To Viviane, divorce is the only logical course, since there’s seemingly no point in continuing the marriage. In her view, the relationship has outlived whatever usefulness it might have had, and it’s time to move on. She’s now seeking to materialize a reality commensurate with such beliefs.

For Elisha, however, maintaining a traditional Jewish marriage and household is paramount above all else, and he can’t fathom why Viviane won’t cooperate in that endeavor (especially in light of her onetime agreement to it and despite his personal indifference toward her). He sees divorce as anathema to the pursuit of this venture, so he can’t possibly agree to her request. And, to maintain that posture, he justifies his stance by drawing upon one of his most potent creations – the force of law – to galvanize his convictions and what springs forth from them.

As for everyone else involved, their views of these circumstances fall in line with their beliefs, too. Viviane’s attorney and witnesses, for example, hold opinions that support her thinking, while Elisha’s witnesses, his advocate and, to a certain extent, the rabbis side with his views. Since these individuals routinely apply their respective beliefs in the materialization of their realities, it’s only natural that they would do the same in viewing the character of the couple’s marriage. In essence, they employ the same metaphysical lenses and filters to both situations.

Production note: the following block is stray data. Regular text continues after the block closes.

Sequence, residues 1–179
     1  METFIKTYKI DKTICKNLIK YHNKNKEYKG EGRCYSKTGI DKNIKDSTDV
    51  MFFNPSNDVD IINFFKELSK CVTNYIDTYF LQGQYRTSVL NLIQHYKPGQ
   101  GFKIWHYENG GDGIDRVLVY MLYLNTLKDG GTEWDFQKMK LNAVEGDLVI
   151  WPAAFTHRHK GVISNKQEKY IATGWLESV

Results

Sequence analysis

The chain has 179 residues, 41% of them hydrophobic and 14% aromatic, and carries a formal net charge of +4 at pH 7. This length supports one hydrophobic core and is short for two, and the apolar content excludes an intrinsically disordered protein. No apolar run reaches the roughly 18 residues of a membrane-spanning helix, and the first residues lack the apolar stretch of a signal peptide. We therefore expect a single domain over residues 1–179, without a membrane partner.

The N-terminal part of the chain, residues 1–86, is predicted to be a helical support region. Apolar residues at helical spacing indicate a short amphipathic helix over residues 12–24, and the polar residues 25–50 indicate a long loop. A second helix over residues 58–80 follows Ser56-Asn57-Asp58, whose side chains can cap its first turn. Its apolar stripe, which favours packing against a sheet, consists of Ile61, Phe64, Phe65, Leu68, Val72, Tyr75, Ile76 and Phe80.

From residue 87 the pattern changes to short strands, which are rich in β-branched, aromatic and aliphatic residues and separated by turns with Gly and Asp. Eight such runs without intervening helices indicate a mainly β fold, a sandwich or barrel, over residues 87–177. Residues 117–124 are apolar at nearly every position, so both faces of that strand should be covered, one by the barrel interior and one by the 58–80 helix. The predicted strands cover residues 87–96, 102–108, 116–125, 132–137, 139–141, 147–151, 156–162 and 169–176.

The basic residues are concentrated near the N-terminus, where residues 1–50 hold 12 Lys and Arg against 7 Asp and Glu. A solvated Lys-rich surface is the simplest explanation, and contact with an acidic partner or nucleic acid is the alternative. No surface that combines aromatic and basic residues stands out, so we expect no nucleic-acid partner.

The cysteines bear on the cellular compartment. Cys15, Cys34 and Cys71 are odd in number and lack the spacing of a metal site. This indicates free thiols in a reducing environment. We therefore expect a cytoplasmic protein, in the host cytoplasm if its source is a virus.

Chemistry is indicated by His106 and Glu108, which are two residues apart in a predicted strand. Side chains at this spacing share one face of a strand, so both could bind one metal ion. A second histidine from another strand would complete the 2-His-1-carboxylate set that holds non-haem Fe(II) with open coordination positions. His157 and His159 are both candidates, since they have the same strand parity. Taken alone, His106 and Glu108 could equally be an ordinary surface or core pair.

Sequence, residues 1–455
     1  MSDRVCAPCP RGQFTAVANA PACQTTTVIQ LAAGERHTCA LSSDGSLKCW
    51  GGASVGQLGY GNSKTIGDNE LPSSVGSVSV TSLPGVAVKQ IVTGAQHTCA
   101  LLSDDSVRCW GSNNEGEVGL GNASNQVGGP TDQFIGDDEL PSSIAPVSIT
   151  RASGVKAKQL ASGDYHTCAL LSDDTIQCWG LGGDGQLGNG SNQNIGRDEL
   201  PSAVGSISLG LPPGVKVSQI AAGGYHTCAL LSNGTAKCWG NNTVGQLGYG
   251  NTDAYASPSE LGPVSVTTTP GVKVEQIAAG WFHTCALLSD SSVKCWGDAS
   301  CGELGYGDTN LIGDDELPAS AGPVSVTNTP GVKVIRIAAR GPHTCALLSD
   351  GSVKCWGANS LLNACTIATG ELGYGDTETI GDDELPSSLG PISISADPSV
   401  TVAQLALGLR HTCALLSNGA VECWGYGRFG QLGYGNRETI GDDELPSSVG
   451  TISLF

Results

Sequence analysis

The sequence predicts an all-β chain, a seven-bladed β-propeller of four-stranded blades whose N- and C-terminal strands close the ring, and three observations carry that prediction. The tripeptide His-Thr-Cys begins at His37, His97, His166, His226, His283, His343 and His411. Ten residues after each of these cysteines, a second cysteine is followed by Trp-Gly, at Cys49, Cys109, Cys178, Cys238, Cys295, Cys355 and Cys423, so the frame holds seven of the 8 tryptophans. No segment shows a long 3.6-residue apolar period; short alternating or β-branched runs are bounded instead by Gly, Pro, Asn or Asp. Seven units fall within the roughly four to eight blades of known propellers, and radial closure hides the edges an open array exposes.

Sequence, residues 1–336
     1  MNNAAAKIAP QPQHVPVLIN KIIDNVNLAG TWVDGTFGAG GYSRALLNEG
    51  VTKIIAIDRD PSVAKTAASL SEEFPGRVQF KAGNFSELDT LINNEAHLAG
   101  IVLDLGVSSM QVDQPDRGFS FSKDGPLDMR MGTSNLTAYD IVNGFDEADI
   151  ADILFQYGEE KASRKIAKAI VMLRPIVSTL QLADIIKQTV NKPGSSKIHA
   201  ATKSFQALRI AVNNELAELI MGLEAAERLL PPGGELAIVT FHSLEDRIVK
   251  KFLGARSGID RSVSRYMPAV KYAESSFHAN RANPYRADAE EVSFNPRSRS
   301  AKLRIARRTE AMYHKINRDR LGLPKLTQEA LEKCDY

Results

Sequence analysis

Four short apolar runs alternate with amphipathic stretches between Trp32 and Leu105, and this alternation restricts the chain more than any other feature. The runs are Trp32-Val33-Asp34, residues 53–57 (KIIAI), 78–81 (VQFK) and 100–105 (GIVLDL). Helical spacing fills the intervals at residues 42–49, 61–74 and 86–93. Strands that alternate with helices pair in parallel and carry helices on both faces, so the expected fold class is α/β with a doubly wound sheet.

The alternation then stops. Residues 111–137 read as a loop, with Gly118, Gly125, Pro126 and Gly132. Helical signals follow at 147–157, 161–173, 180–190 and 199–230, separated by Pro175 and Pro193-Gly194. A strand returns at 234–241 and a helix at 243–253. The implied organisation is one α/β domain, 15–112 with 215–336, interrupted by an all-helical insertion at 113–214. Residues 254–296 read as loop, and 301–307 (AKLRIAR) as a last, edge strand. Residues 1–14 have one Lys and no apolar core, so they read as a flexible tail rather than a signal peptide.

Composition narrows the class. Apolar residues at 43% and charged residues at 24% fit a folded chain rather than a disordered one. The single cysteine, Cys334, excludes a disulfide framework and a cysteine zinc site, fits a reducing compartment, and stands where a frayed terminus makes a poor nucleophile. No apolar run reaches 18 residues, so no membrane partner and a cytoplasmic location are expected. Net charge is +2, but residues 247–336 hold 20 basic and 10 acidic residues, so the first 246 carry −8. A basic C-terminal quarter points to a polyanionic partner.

The diverse yet uniform character of these individuals’ manifestations – both inside and outside of the courtroom – suggest that these creations are products of their originators’ core beliefs, the intents that underlie most, if not all, of their respective materializations. Such beliefs, in turn, provide the basis of their prevailing perspectives, the overarching outlooks they hold, which all end up getting put on trial during these proceedings. Some of these perspectives are heartbreaking, as evidenced by Viviane’s emotional testimony. Some are indifferent, as is apparent in Elisha’s attitude toward Viviane. Others are impassioned, as seen in Carmel’s fervent advocacy. And others still are utterly laughable, as seen in Shimon’s often-absurd line of questioning. But, no matter what perspectives they adhere to, they’re all ultimately based on the core beliefs that spawn them.